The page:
- D. Bonessi, K. Bonin, and T. Walker, “Optical forces on particles of arbitrary shape and size,” J. Opt. A: Pure Appl. Opt. 9(8), S228–S234 (2007). [CrossRef]
- S. H. Simpson and S. Hanna, “Holographic optical trapping of microrods and nanowires,” J. Opt. Soc. Am. A 27, 1255–1264 (2010). [CrossRef]
- L. Ling, F. Zhou, L. Huang, and Z.-Y. Li, “Optical forces on arbitrary shaped particles in optical tweezers,” J. Appl. Phys. 108(7), 073110 (2010). [CrossRef]
- V. L. Y. Loke, M. P. Mengüç, and T. A. Nieminen, “Discrete dipole approximation with surface interaction: Computational toolbox for MATLAB,” J. Quant. Spectrosc. Radiat. Transf. 112, 1711–1725 (2011). [CrossRef]
- T. A. Nieminen, H. Rubinsztein-Dunlop, N. R. Heckenberg, and A. I. Bishop, “Numerical modelling of optical trapping,” Comput. Phys. Commun. 142, 468–471 (2001). [CrossRef]
- M. I. Mishchenko, L. D. Travis, and A. A. Lacis, Scattering, Absorption and Emission of Light by Small Particles (Cambridge University Press, 2002).
- S. H. Simpson and S. Hanna, “Numerical calculation of inter-particle forces arising in association with holographic assembly,” J. Opt. Soc. Am. A 23, 1419–1431 (2006). [CrossRef]
- F. M. Kahnert, “Numerical methods in electromagnetic scattering theory,” J. Quant. Spectrosc. Radiat. Transf. 79, 775–824 (2003). [CrossRef]
- V. L. Y. Loke, T. A. Nieminen, N. R. Heckenberg, and H. Rubinsztein-Dunlop, “T-matrix calculation via discrete dipole approximation, point matching and exploiting symmetry,” J. Quant. Spectrosc. Radiat. Transf. 110, 1460–1471 (2009). [CrossRef]
- J. N. Wilking and T. G. Mason, “Multiple trapped states and angular Kramers hopping of complex dielectric shapes in a simple optical trap,” Europhys. Lett. 81, 58005 (2008). [CrossRef]
- C. Deufel, S. Forth, C. R. Simmons, S. Dejgosha, and M. D. Wang, “Nanofabricated quartz cylinders for angular trapping: DNA supercoiling torque detection,” Nat. Methods 4, 223–225 (2007). [CrossRef] [PubMed]
- B. Gutierrez-Medina, J. O. L. Andreasson, W. J. Greenleaf, A. Laporta, and S. M. Block, “An optical apparatus for rotation and trapping,” Methods Enzymol. 474, 377–404 (2010). [CrossRef]
- I. Kretzschmar and J. H. K. Song, “Surface-anisotropic spherical colloids in geometric and field confinement,” Curr. Opin. Colloid Interface Sci. 16, 84–95 (2011). [CrossRef]
- Z. F. Lin and S. T. Chui, “Electromagnetic scattering by optically anisotropic magnetic particle,” Phys. Rev. E 69, 056614 (2004). [CrossRef]
- S. H. Simpson and S. Hanna, “Optical angular momentum transfer by Laguerre-Gaussian beams,” J. Opt. Soc. Am. A 26, 625–638 (2009). [CrossRef]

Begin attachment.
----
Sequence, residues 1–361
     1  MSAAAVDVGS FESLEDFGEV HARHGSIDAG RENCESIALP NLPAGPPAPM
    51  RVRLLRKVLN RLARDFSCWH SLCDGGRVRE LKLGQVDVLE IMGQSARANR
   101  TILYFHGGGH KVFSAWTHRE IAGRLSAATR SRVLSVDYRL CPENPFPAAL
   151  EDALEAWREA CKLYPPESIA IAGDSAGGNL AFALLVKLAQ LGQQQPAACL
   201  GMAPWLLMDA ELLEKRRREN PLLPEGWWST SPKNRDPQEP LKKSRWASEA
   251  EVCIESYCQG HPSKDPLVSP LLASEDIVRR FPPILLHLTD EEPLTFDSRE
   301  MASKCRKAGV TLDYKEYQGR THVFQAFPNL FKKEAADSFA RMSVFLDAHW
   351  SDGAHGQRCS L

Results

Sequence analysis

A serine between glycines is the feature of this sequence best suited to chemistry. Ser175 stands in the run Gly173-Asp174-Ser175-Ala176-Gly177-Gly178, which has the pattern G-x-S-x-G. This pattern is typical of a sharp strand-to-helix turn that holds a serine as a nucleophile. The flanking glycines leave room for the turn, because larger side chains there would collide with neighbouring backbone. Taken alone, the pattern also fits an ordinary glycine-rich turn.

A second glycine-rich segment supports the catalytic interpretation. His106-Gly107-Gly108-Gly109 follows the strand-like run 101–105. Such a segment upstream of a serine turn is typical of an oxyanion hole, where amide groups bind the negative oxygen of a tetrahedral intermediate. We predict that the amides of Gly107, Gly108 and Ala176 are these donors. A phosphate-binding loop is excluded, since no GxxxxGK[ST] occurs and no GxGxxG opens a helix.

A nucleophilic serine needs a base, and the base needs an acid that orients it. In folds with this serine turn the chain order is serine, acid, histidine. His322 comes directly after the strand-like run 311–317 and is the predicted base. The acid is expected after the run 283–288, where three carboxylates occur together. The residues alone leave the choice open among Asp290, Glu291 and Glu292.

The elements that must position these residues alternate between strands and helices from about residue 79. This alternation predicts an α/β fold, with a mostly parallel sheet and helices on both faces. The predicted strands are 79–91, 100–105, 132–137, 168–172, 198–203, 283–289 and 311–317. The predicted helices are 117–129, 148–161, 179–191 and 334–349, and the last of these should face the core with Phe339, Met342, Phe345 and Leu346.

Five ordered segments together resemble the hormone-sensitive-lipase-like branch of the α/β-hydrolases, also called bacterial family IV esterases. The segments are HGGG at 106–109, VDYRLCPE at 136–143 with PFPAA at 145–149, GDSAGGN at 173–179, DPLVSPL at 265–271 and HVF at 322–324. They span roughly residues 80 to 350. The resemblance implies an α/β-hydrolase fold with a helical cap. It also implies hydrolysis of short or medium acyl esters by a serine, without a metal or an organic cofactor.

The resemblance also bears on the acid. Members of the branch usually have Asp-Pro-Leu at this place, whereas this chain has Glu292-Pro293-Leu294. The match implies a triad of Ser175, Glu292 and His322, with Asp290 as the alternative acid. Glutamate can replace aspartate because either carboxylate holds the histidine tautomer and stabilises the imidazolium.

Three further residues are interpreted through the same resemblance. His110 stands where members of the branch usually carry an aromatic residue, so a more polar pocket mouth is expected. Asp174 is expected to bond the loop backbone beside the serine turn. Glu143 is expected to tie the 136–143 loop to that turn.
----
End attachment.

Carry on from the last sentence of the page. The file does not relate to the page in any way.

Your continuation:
- J. A. Stratton, Electromagnetic Theory (McGraw-Hill, 1941).
- C. J. R. Sheppard and S. Saghafi, “Electromagnetic Gaussian beams beyond the paraxial approximation,” J. Opt. Soc. Am. A 16, 1381–1386 (1999). [CrossRef]
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- B. T. Draine, “The discrete-dipole approximation and its application to interstellar graphite grains,” Astrophys. J. 333, 848–872 (1988). [CrossRef]
- A. G. Hoekstra, M. Frijlink, L. B. F. M. Waters, and P. M. A. Sloot, “Radiation forces in the discrete dipole approximation,” J. Opt. Soc. Am. A 18, 1944–1953 (2001). [CrossRef]
- B. T. Draine and J. C. Weingartner, “Radiative torques on interstellar grains.1. Superthermal spin-up,” Astrophys. J. 470, 551–565 (1996). [CrossRef]
- S. H. Simpson and S. Hanna, “First-order nonconservative motion of optically trapped nonspherical particles,” Phys. Rev. E 82, 031,141 (2010).
- A. Ashkin, J. M. Dziedzic, J. E. Bjorkholm, and S. Chu, “Observation of a single-beam gradient force optical trap for dielectric particles,” Opt. Lett. 11, 288–290 (1986). [CrossRef] [PubMed]
- I. Brevik, “Experiments in phenomenological electrodynamics and the electromagnetic energy-momentum tensor,” Phys. Rep., Phys. Lett. 52, 133–201 (1979).
- A. B. Stilgoe, T. A. Nieminen, G. Knoner, N. R. Heckenberg, and H. Rubinsztein-Dunlop, “The effect of Mie resonances on trapping in optical tweezers,” Opt. Express 16, 15039–15051 (2008). URL http://www.opticsinfobase.org/oe/abstract.cfm?URI=oe-17-4-2661 . [CrossRef] [PubMed]
- S. H. Simpson and S. Hanna, “Optical trapping of spheroidal particles in Gaussian beams,” J. Opt. Soc. Am. A 24, 430–443 (2007). [CrossRef]
- M. E. J. Friese, T. A. Nieminen, N. R. Heckenberg, and H. Rubinsztein-Dunlop, “Optical alignment and spinning of laser-trapped microscopic particles,” Nature 394, 348–350 (1998). [CrossRef]
- S. H. Simpson, D. C. Benito, and S. Hanna, “Polarization-induced torque in optical traps,” Phys. Rev. A 76, 043408 (2007). [CrossRef]
- M. Doi and S. F. Edwards, The Theory of Polymer Dynamics (Oxford University Press, 1986).